Gay couple beaten and bloodied outside Connecticut Gay Bar

A gay couple were beaten and bloodied in front of the Connecticut gay bar they own. Both men say the incident was a hate crime, but local authorities disagree.

In a statement shared Tuesday, Casey Fitzpatrick said he and her husband, Nicholas Ruiz — the owners of Troupe429 in Norwalk, Connecticut — were violently attacked by a male bar patron who also berated them with anti-LGBTQ slurs. The incident, which happened in mid-September, resulted in Ruiz being sent to the hospital and requiring more than 50 stitches across his face and $20,000 worth of plastic surgery, Fitzpatrick said in the statement, published Tuesday on the bar’s website.

Fitzpatrick said the attack was a hate crime and that the incident was “being mishandled” by the Norwalk Police Department.

“As of October 11, nearly two and a half weeks after the attack, no charges have been filed, and the suspect has not been arrested,” Fitzpatrick wrote. “We ask for your help and support in seeking justice for Nicholas.”

The Norwalk Police Department announced Wednesday that they had arrested the suspect, Carmen Everett Parisi, earlier that day and said in a statement to NBC News that they found no evidence that the attack was motivated by anti-Semitism. LGBTQ.

“The arrest follows a Police Department warrant issued by a judge, after completing investigative steps of reviewing video footage from inside the bar and attempting to obtain sworn statements from the two victims,” ​​Lt. Terrence Blake, the Norwalk Police Department’s public information officer and LGBTQ liaison, said in a statement Wednesday. “Video footage from body worn cameras does not show any perceptions of any racial, religious, ethnic or sexual orientation (RRES) language or indication of any anti-LGBTQ motivation associated with the attack.”

On the night of the attack, a male patron “repeatedly harassed and made several female patrons and our staff uncomfortable,” prompting staff to “respectfully” escort the man out of the venue, according to Fitzpatrick’s statement .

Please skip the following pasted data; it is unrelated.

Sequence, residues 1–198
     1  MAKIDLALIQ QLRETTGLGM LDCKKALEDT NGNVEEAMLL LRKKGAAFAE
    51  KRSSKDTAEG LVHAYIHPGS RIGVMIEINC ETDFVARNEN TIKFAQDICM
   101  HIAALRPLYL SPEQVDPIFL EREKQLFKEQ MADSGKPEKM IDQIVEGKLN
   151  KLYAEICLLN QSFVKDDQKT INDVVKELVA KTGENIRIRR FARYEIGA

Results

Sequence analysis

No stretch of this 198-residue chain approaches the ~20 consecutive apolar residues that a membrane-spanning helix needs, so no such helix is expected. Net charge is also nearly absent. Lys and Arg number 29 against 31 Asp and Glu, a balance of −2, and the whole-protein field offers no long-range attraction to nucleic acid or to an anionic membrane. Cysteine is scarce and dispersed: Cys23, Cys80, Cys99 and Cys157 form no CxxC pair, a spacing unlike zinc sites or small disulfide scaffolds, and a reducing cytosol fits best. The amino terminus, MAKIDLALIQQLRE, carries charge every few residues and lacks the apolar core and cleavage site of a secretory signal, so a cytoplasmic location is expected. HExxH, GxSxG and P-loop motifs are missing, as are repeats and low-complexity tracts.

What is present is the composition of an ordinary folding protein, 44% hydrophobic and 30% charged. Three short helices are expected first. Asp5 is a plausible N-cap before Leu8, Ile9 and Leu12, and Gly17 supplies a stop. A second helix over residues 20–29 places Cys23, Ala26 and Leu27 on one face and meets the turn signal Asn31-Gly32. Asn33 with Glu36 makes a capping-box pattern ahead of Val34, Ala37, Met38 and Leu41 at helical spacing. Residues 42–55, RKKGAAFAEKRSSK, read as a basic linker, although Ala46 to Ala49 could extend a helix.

When the man would not leave the bar’s entrance, Fitzpatrick said, Ruiz went outside to de-escalate the situation and “peacefully” begged the man to leave the area. The man then made derogatory comments about the bar and the people inside it using anti-LGBTQ slurs, Fitzpatrick reported.

The man then became violent, repeatedly punching the right side of Ruiz’s face and clawing at his chest, causing his clothes to rip and a necklace to be ripped from his neck, Fitzpatrick wrote. The suspect also punched Fitzpatrick in the neck, closing off his airway, Fitzpatrick added.

The statement was coupled with a graphic image of Ruiz on the night of the incident. Ruiz can be seen lying on a hospital bed with his cheek ripped open and blood rushing down his body.

“As the owners of Troupe429, we are grateful that our staff and patrons are unharmed,” Fitzpatrick wrote. “However, we are deeply hurt. The psychological damage this attack has caused is significant and we demand justice.”

The Norwalk and Fitzpatrick Police Department confirmed that police responded to the incident the night of the attack.

But in the weeks since, Fitzpatrick said he and Ruiz have received “no updates” despite Fitzpatrick’s repeated emails, calls and visits to the department.

The Norwalk Police Department said in a statement to NBC News that it is trying to obtain sworn statements from the victims, “who did not show up for their appointments.”

Fitzpatrick and Ruiz did not respond to NBC News’ multiple requests for comment Wednesday.

The Norwalk incident is the latest in a series of violent threats and attacks against LGBTQ people across the country this year.

At least three LGBTQ events were targeted by white nationalist groups in June – designated LGBTQ Pride Month – and in April, a man walked into a bar in New York City with a bottle of flammable liquid, and poured it on the floor of the bar , lit a match and set the scene on fire, police said.

Over 1,300 hate-based incidents against Americans were motivated by their sexual orientation or gender identity in 2020, accounting for 16% of all biased encounters that year, according to the FBI’s latest hate crime data.

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